WHEN it comes to corporal punishment for schoolchildren, some are for it, others against it. The Children’s Court, however, has the power to cane naughty children. As a Children’s Court advisor, I can tell you that children can be caned in Malaysia, though we try not to.
They can be caned under Section 92 of the Children’s Act 2001, subject to the following stipulations:
·the child shall be examined by a medical officer to certify that the child is in a fit state of health to undergo the whipping;
·the person shall use a light cane with average force without lifting his hand over his head so that the child’s skin is not cut;
·after inflicting a stroke, he shall lift the cane upward and not pull it;
·whipping may be inflicted on any part of the body except the face, head, stomach, chest or private parts;
·the child shall wear clothes; and if,
·during the execution of the whipping, the medical officer certifies that the child is not in a fit state to undergo the remainder of the whipping, the whipping shall be finally stopped.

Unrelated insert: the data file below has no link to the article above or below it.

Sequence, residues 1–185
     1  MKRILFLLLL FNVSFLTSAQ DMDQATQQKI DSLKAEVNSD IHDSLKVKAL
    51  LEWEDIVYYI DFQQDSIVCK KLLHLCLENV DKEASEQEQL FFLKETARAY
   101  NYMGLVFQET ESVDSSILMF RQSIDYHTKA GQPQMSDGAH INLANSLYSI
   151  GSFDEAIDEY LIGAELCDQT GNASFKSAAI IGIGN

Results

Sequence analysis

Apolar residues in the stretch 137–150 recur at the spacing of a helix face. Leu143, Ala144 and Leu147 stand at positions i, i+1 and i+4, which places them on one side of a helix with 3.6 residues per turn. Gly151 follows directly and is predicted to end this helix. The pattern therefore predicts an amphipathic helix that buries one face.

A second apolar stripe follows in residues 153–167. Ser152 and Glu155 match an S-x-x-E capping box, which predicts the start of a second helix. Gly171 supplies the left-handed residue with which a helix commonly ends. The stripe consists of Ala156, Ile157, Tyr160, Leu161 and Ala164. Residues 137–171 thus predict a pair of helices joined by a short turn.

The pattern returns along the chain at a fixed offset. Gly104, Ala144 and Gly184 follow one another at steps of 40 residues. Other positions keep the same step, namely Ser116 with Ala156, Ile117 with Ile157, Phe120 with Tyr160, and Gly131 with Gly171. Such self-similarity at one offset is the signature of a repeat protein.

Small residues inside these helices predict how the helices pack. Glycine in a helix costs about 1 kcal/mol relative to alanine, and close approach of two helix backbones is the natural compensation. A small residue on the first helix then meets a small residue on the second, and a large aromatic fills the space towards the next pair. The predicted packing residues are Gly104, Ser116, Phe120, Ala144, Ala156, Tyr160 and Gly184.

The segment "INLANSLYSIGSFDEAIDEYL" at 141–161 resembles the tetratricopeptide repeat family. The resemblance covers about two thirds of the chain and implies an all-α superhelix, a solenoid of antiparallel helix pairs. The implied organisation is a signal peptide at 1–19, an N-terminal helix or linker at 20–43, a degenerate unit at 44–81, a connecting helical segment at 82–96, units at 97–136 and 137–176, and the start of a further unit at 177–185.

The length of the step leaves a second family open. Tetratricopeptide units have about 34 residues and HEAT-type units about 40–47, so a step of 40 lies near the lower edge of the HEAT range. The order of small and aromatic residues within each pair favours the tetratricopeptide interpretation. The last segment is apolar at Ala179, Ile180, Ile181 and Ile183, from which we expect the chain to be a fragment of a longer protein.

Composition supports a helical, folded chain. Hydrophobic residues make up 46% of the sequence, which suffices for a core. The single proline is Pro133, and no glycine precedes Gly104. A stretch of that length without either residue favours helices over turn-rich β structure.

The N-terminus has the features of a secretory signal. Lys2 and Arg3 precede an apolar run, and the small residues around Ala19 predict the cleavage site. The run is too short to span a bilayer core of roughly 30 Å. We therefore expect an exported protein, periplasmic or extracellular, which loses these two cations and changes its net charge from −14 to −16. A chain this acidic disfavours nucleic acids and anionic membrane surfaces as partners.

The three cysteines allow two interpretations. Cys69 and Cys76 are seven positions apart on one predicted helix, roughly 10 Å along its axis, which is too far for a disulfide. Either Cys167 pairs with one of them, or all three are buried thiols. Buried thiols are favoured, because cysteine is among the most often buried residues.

If we apply the Convention on the Rights of the Child, adopted by the UN assembly in 1989 – that a child has civil, political, economic, social and cultural rights – we should be convinced that caning must go. It has no place in civic society today, Malaysia included.
Seeing that Malaysia is one of the 193 countries that has ratified the convention, we should see the caning of young offenders as a thing of the past
And perhaps amend the clause in the Child Act which allows for caning.